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So much for the Telegraph. ment, and in a few hours were under way to their place of destination. from Chicago; the articles were placed on board a steamer for shipfor large quantities of sugar, molasses, &c., were received at this city
Navigation was again opened on the 23d of November, and orders three to four inches thick, and navigation was entirely suspended. ber. Near LaSalle on the 11th, the ice is reported to have been from We learn that this canal was closed by ice on the 10th of Novem."
ILLINOIS AND MICHIGAN CANAL CLOSED.
A Comparative View of the registered and enrolled tonnage of the United States, showing
the tonnage employed in the whale fishery, also the proportion of the enrolled and licensed tonnage employed in the coasting trade, cod fishery, mackerel and whale fishery, from 1815 to 1847 inclusive.
Registered | Enrold & Total Reg. ton. Proport'n enrolled & licensed tonnage in
Cod Mack'rel Whale
fishery. fishery. fishery.
Tons and 95ths.
435,066 871 26,570 33
11,229 92 1816. 800,759 63 671,458 85 1,372,218 48
479,979 14 37,879 30
576,675 33 615,311 10 1,191,776 43 38,911 82 616,978 18 61,554 57 35,973 38 792 87
620,451 92 647,394 32 1,267,846 29 82,315 79 539,723 74 60,977 81 46,210 80 481 82
899,764 76 1,280,999 35 2,180,764 16 136,926 64 1,176,694 46 76,035 65 28,269 19
Note.- No separate returns of tonnage employed in the mackerel fishery was made by the collectors of the customs to this oflice prior to the year 1830.
DANIEL GRAHAM, Register.
Beatty on Agriculture.—This valuable treatise has been before the public for several years, and we have frequently regretted, since we have commenced our labors as journalists, that we could not find a copy for sale in St. Louis. This fact has sometimes caused us to doubt of the success of our own enterprise, for it occurred to us that if a work of so much merit, and of such general utility was not in demand, that our prospects were rather gloomy.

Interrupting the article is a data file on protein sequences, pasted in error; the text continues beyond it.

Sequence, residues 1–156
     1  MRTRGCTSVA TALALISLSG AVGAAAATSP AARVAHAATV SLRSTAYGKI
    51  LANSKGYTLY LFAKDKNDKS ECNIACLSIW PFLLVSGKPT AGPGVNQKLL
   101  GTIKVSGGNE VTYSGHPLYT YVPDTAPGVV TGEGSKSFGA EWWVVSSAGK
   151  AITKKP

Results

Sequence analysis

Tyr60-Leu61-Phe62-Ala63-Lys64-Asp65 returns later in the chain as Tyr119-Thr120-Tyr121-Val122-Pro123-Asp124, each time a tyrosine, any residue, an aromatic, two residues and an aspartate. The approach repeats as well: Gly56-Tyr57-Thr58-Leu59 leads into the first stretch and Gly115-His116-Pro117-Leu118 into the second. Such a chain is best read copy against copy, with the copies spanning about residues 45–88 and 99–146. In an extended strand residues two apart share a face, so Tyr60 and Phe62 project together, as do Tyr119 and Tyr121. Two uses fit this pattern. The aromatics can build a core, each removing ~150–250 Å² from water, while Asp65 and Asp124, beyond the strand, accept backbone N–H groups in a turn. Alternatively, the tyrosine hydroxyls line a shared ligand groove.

It is possible, however, the edition may have been exhausted; if so, we hope the author will issue another, or publish a work on the same subject, embracing a larger range of topics. With the most thorough experience in the practical details, Judge Beatty has combined the science connected with agriculture, and is capable of producing a better and more useful work for the western agriculturalist, than perhaps any other individual in the country. We beg to recommend the book to every farmer, and trust that arrangements will be made to extend its circulation in the west,
The Priest of the Black Cross, a Tale of the Sea : by Capt. T. Ware Gibson; published at the Great West” office, Cincinnati.
We are indebted to the politeness of the publishers for a copy of this work, but as we have not had time to read it, we can take no further notice of it at present. We intend at some future time to give our readers an article on the subject of western literature, in which we hope to do justice to both authors and readers.
FENCES FOR THE PRAIRIES. A new kind of fence is coming into use in northern Illinois. The fence consists of strips of sheet iron, one inch and a half wide, prepared in oil, so as to resist the action of the weather, and painted white. These strips are nailed to posts in the ground, two rods apart, with a perpendicular strip of board every other rod. The whole cost per rod, is estimated at less than thirty cents; and it is superior to wire as it does not sag, and being painted white, cattle will see it and not run against it.-Brunswicker.